Archive for the ‘Dialects’ Category

Spoiling

May 8, 2018

An AMZ poetry moment.

From the New York Times Magazine, Terrance Hayes’s Poem column: “Too Many Cooks Spoil the Broth” (in print 5/6, on-line 5/4), by Aimee Nezhukumatathil:

Too many needles spoil the cloth.
Too many parrots spoil the talk.
Too many chapped lips spoil the gloss.
Too many teasel burs spoil the paw.
Too many bubbles spoil the froth.
Too many doorbells spoil the knock.
Too many seeds spoil the floss.
Too many feathers spoil the claw.
Too many lightbulbs spoil the moth.
Too many holes spoil the sock.
Too many sunbeams spoil the moss.
Too many kisses spoil the jaw.
Too many wolves spoil the flock.
Too many necks spoil the block.

All edgy domesticity until the end, when ravening wolves and beheadings erupt.

(more…)

The Prodigal Tongue

April 13, 2018

Lynne Murphy’s new book, recently released (my own copy is to arrive today). I’m getting the red edition rather than the blue; both are for sale in both the US and the UK, but they’re not quite the same, as you’ll see from looking at their subtitles:

(more…)

Bits of culture

March 29, 2018

… and truncated expressions. From Sam Anderson’s “New Sentences” column in the NYT Magazine on the 20th (on-line) and 25th (in print), “From Morgan Parker’s ‘There Are More Beautiful Things Than Beyoncé’”, about ‘Summertime and the living is extraordinarily difficult’:

Every culture is a vast carpet of interwoven references: clichés, fables, jingles, lullabies, warnings, jokes, memes. To be a part of that culture means that it only takes a few words, the tiniest head fake, to set your mind racing along a familiar track. You can lead a horse to. There once was a man from. When the moon hits your eye. If you liked it then you shoulda.

One trick of art is to constantly invoke — and then manipulate and complicate — these familiar mental scripts. The artist sets your mind on a well-worn road, and then, just as you settle into that automatic groove, yanks you suddenly in another direction. It’s the same trick as a crossover dribble. Great art is always, if you will, breaking your mind’s ankles.

(more…)

yoozed

February 15, 2018

The One Big Happy from January 13th, with a widespread nonstandard pronoun:

Freestanding youse /yuz/ (= you /yu/ + pl /z/) and modifying youse in youse guys ‘you guys’. In any case, a 2pl form distinct from 2sg you. The form is complexly distributed according to geography, social class, and other factors — in a way that suggests it has been invented several times in different contexts.

And then there’s the pun on used /yuzd/.

(more…)

Two cute guys with accents

February 4, 2018

From the annals of tv watching: Eddie Cahill as Tag Jones in season 7 of the sitcom Friends (and then as Det. Don Flack in CSI: New York); and Lucas Black as Special Agent Christopher LaSalle on NCIS: New Orleans. Both men are strongly physical actors with mobile expressive faces and both smile amiably a lot — they are really cute guys — and both do notable local accents: EC white working-class NYC in CSI: New York and LB white NOLA in NCIS: New Orleans. Both accents build on the actors’ native varieties — EC’s NYC and LB’s Alabamian — but with crafting (quite considerable on LB’s part) to fit their characters.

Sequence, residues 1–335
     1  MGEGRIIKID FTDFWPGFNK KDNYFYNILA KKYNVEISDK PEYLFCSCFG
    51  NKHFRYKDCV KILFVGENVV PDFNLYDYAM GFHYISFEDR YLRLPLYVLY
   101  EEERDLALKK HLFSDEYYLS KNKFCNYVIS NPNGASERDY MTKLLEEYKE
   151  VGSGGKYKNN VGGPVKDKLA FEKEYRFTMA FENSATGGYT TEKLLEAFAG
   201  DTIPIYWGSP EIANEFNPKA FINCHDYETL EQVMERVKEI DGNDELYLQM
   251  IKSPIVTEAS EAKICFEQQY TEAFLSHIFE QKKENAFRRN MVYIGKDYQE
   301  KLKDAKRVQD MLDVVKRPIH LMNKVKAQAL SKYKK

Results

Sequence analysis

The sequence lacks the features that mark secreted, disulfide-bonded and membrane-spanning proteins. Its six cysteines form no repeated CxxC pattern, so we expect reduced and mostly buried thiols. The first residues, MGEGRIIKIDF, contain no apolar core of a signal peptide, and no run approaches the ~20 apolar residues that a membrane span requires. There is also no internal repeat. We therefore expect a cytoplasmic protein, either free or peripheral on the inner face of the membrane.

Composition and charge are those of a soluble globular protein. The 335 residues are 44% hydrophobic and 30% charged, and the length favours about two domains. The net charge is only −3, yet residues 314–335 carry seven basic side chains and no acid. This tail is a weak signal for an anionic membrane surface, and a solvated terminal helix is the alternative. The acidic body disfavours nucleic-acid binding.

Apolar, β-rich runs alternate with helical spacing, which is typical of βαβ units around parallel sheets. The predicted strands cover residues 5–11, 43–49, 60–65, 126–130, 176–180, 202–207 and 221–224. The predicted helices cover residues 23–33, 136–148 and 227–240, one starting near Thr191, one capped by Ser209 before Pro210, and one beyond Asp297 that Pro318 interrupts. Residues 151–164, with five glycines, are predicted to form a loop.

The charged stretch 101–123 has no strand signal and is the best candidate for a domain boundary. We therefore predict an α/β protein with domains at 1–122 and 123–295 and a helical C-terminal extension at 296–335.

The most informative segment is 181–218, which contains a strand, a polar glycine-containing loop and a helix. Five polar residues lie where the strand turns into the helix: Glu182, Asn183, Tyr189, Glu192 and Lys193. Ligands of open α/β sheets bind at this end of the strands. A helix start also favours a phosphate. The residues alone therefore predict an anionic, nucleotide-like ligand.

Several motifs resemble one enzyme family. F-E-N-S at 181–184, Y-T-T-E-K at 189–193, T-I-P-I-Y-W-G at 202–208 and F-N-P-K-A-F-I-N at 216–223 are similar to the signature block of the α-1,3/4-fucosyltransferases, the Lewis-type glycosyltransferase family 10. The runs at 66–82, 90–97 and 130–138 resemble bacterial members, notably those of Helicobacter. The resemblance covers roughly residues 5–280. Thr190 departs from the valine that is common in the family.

(more…)

Wild Asia in Sonoma

September 14, 2017

Tuesday morning on KRCB (NPR station in Sonoma CA), a brief piece about the Quarryhill Botanical Garden there and a forthcoming Quarryhill lecture by Andrea Wulf, author of a recent book on Alexander von Humboldt. The garden was new to me, as was the book, and both are fascinating, but what mostly got my attention was the reporter’s pronunciation of quarry — with accented æ, to rhyme (in my variety of English) with Larry, Harry, carry, and marry.

(more…)

Non-standard sex talk

May 26, 2017

I’ll start with the steamy gay sex talk from an on-line messaging site — sensitive readers are hereby warned about this content — and then go on to focus on a non-standard syntactic construction in this exchange, what the YGDP (the Yale University Grammatical Diversity Project: English in North America) calls the Needs Washed construction (using as a label an instance of the instruction), involving a PSP complement of a head V.

(more…)

Ruthie faces the unfamiliar, again

May 19, 2017

The One Big Happy in my comics feed today:

Rockefellers / rocky fellows. How was Ruthie to know her grandmother was using a proper name? And fellers is a familiar dialect variant for fellows – and an old one (Americans have been labeling feller an “impropriety” or “provincialism”, with an “excrescent” r, since at least 1795, according to DARE).

Ruthie undoubtedly also didn’t know that the Rockefeller family has long been seen as the richest family in the world, hence as the, um, gold standard of wealth. Which gives We’re no / not Rockefellers as an idiom meaning, roughly, ‘We’re not rich’.

(more…)

Words. words, words

May 7, 2017

From a King Features Comics Kingdom posting on the 3rd, “Ask a Cartoonist: Words to Live By” (by tea), three cartoons on words in comics: a Dustin on adolescent sniggering over potential double entendres and two Zippys about repeating words for sheer pleasure.

(more…)

Chub and chums in the morning

April 17, 2017

Yesterday’s morning name was chub (the name of a fish), which led me to the rest of the bilabial-final family: chum, chump, and chup. (And that led to the velar-final family chug, Chung, chunk, chuck, but I won’t pursue that one here.) As it is, the bilabials will lead us into many surprising places, including the Hardy Boys books, eyewear retainers, Australian dog food, gay slurs, and hunky underwear models.

(more…)